Here are some common scenarios and demo
programs for them



You’ll use the last of these for the War card
-
game program!

Scenario #1


A “manager” thread and N “worker” threads


Manager starts workers but then must wait for them to
finish before doing follow
-
up work


Solution:


Manager creates a CountDownLatch with value N


After workers starts, manager calls await() on that


When each worker completes its work, it calls

countDown() on the latch


After all N call countDown(), manager is un
-
blocked and
does follow
-
up work


Example use: parallel divide and conquer like
mergesort


Code example: SyncDemo0.java

Scenario #2


A “manager” thread and N “worker” threads


Manager starts workers but wants them to “hold”
before doing real work until it says “go”


Solution:


Manager creates a CountDownLatch with value 1


After each workers start, it calls await() on that Latch


At some point, when ready, the manager calls

countDown() on that Latch


Now Workers free to continue with their work


Code example: SyncDemo1.java

Scenario #3


Work done in “rounds” where:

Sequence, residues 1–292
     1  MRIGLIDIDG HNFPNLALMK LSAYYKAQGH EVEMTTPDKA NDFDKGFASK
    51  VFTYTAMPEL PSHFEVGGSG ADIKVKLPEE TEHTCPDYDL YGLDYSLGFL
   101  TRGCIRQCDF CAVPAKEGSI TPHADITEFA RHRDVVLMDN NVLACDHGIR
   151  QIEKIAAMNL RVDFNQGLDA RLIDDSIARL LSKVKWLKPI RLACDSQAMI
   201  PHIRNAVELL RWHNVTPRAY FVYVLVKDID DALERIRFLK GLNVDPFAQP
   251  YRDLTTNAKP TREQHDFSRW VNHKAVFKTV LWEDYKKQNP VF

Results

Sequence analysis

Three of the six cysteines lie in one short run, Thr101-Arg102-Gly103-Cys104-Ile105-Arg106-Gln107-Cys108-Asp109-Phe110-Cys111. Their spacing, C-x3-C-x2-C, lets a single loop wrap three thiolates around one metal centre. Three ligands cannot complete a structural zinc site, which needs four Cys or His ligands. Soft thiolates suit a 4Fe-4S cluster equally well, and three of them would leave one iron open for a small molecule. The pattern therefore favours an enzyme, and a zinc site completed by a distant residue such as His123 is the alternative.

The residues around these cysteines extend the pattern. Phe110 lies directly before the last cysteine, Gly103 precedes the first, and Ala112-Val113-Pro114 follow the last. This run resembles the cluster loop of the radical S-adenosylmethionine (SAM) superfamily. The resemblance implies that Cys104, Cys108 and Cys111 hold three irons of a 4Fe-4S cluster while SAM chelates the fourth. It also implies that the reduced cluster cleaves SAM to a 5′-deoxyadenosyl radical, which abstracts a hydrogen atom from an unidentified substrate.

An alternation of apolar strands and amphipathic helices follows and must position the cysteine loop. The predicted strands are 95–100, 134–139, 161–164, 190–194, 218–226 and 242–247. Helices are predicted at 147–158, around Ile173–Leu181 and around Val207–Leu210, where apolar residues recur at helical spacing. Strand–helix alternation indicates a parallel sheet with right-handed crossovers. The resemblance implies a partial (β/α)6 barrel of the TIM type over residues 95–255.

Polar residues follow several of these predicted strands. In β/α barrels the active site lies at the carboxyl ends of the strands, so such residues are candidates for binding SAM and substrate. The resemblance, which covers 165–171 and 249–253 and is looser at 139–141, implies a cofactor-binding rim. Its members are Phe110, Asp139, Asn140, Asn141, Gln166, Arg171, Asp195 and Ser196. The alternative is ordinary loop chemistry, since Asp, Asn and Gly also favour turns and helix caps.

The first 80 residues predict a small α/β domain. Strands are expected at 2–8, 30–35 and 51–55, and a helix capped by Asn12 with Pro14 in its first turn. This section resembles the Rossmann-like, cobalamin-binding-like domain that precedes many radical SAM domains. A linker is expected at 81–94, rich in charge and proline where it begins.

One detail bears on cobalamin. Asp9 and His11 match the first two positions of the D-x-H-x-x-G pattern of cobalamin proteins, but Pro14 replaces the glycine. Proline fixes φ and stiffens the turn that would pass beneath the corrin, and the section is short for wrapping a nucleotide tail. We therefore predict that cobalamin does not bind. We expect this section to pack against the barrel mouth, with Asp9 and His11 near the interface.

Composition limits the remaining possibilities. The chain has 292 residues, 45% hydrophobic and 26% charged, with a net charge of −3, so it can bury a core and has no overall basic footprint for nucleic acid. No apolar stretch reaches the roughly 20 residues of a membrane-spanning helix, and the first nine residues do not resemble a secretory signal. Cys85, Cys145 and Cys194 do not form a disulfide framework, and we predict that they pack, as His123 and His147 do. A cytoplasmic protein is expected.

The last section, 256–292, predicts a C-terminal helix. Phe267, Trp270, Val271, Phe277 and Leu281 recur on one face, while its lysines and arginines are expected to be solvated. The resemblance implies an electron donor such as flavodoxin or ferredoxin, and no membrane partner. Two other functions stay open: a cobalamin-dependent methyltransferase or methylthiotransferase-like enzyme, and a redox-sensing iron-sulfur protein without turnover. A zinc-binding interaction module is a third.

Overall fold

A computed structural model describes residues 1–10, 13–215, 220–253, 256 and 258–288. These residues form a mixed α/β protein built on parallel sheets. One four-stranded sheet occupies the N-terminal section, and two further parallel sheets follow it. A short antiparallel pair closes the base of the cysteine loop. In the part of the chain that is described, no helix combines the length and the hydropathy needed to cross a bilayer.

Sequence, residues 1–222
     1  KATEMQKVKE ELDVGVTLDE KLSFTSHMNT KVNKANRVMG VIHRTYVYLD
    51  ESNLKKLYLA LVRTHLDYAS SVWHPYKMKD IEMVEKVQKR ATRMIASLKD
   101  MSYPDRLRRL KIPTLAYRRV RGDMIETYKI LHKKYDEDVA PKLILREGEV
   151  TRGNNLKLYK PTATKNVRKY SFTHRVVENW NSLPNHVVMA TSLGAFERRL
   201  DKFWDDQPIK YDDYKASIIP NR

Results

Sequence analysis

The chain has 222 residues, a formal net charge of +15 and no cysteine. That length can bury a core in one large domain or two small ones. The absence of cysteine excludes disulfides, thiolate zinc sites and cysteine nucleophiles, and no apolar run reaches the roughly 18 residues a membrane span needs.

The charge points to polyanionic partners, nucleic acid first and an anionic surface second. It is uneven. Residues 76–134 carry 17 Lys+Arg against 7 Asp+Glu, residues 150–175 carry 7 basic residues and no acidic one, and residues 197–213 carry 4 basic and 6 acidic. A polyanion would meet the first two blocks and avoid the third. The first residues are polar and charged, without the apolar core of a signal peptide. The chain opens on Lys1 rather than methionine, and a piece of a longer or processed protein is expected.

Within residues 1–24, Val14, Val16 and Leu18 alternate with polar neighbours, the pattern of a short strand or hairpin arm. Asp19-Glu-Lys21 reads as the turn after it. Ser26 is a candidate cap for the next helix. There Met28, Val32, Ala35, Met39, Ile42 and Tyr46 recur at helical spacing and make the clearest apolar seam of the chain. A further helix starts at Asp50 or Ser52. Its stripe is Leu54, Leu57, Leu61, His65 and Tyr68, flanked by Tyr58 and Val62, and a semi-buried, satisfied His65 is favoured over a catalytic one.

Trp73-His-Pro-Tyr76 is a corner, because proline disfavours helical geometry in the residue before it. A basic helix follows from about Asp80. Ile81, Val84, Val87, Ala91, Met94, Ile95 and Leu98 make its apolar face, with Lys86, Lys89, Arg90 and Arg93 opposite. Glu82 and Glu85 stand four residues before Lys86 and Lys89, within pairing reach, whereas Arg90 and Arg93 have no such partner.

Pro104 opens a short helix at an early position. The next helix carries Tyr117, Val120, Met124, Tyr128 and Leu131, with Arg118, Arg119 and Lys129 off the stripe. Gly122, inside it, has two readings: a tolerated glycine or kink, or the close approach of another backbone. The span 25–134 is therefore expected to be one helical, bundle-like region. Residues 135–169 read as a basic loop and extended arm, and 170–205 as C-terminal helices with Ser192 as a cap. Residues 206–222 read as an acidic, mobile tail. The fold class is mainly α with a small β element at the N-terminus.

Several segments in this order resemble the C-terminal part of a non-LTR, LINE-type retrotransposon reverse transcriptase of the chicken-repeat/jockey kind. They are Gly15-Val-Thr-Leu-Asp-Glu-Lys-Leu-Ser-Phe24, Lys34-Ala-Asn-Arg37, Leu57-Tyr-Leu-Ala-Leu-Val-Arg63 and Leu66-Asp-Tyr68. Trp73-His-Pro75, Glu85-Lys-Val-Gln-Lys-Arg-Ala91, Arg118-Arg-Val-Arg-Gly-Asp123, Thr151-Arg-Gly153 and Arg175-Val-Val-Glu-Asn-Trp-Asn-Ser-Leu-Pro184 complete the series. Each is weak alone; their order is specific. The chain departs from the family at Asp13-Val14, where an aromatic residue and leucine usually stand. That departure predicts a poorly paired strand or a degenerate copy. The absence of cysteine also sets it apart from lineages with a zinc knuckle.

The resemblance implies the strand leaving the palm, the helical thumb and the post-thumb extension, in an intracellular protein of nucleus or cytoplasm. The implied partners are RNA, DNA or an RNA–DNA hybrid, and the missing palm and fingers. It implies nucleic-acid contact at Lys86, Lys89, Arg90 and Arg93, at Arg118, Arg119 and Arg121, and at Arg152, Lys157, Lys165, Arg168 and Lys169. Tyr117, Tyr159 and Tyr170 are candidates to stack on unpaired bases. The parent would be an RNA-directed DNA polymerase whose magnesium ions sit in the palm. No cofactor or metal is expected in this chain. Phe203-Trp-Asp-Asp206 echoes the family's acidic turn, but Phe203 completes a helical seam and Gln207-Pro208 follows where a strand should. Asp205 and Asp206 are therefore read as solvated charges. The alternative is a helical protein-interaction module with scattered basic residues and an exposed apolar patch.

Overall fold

All workers wait for manager to say “go”


Each worker does its job and then waits for next round


Manager waits for all workers to complete a round, then does some
follow
-
up work


When that’s done, manager starts next round by telling workers “go”


Solution: combine the two previous solutions


First Latch: hold workers until manager is ready


Second Latch: manager waits until workers finish a round


Worker’s run() has loop to repeat


Manager must manage Latches, recreating them at end of round


Example use: a card game or anything that has that kind of
structure


Code example: SyncDemo2.java

Summary of last section


Multiple threads may need to cooperate


Common situation: some workers and a manager


One thread may need to wait for one or more thread
to complete


One or more threads may need to wait to be
“released”


Or a combination of these situations


Threads all access a CountDownLatch


await() used to wait for enough calls to countDown()

End


Unused slides follow

dfafaf

work

Thr
A

work

Thr
A

Work to
do

Thr
A

await